The Tomatometer rating – based on the published opinions of hundreds of film and
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The Tomatometer is 60% or higher.
The Tomatometer is 59% or lower.
Movies and TV shows are Certified Fresh with a steady Tomatometer of 75% or
higher after a set amount of reviews (80 for wide-release movies, 40 for
limited-release movies, 20 for TV shows), including 5 reviews from Top Critics.
Percentage of users who rate a movie or TV show positively.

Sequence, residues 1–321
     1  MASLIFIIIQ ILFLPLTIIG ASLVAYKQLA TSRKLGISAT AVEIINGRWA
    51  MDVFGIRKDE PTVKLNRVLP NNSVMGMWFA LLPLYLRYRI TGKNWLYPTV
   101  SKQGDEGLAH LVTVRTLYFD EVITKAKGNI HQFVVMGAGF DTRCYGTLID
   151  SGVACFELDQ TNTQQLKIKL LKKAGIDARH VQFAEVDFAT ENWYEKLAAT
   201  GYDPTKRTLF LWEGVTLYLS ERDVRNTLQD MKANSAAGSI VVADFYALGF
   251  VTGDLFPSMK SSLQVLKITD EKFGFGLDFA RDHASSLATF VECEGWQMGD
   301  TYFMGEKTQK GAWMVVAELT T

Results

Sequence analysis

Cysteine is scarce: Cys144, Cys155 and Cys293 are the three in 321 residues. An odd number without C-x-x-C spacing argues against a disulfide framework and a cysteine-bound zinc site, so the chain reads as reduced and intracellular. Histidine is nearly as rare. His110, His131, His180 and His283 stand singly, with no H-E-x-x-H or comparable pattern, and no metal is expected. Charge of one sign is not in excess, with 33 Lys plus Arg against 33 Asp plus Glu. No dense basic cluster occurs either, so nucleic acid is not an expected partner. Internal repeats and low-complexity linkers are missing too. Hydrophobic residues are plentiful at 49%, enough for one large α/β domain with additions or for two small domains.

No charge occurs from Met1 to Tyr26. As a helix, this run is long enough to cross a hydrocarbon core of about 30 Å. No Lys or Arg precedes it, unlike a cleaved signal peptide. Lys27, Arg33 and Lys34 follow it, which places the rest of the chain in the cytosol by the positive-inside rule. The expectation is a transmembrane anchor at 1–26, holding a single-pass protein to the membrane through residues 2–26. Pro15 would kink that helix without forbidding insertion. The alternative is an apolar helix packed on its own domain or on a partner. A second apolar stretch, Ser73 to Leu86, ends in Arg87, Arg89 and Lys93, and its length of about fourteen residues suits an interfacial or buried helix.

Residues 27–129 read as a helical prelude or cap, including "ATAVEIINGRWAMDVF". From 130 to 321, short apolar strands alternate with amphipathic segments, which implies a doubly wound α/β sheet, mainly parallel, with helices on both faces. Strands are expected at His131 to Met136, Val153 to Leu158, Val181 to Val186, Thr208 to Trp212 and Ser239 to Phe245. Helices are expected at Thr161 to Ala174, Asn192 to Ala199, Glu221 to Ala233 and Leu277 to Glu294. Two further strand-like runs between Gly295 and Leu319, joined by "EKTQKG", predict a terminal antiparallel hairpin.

Actor, writer and director Henrik Galeen (AKA Henryk Galeen) played a vital role in the development of the German Expressionist movement. Many of the details of Galeen's life, such as his birthplace -- biographers think that he was most likely born in Holland, but may also have been from Czechoslovakia or Denmark -- have been lost. It is known that he was journalist before going to work for Hanns Heinz Ewers as a secretary, novelist and scenarist; Galeen may also have worked as an assistant to Max Rheinhardt in Berlin and acted on stage in Great Britain, Switzerland and France. He began appearing in films around 1910 and three years later became an assistant director for Stellan Rye's imaginative horror film Der Student von Prag (AKA The Student of Prague) In 1915 Galeen began the screenwriting aspect of his career with a version of a medieval Jewish legend Der Golem, which he co-directed with actor Paul Wegener. In 1915, Galeen penned and acted in an adaptation of Adalbert von Chamisso's doppleganger story Peter Schlemhil, which Rye directed. Galeen made his own directorial debut in 1920 with the drama Der Verebotene Weg (AKA The Forbidden Road). He scripted a sequel Der Golem: Wie in der Welt Kam in 1920 and this film is considered by many to be part of the expressionist ouevre though that may not have been Galeen's original intent. He made his greatest contributions to German expressionism with two screenplay's: his adaptation of Bram Stoker's Dracula, for F.W. Murnau's Nosferatu (1922) and Paul Leni's 1924 masterpiece Wachsfigurencabinett (AKA Waxworks). After directing a couple more films himself, Galeen went on to direct the film for which he is best known, his remake of The Student of Prague in 1926. Galeen's version emphasized the psychological aspects of the tale of an impoverished student who makes a devilish bargain in exchange for wealth that results in the release of his evil mirror image. The film proved that Galeen was a master of subtlety and symbolism as did his next film Alraune, the story of a woman who is artificially inseminated with a fertilized egg from an executed killer and a prostitute. The resulting baby grows to be a great beauty with a murderous heart. After making another film with Harry Piel in 1927, Galeen moved to Britain. Two years later he made the thriller After the Verdict. The film did poorly in the U.K. and Galeen returned to Germany to make his final Salon Dora Green. It was released in 1933, the year Hitler took over the German government. Shortly thereafter, Galeen fled to the United States to lead an unheralded life that belied his great contributions to an influential period in German cinema.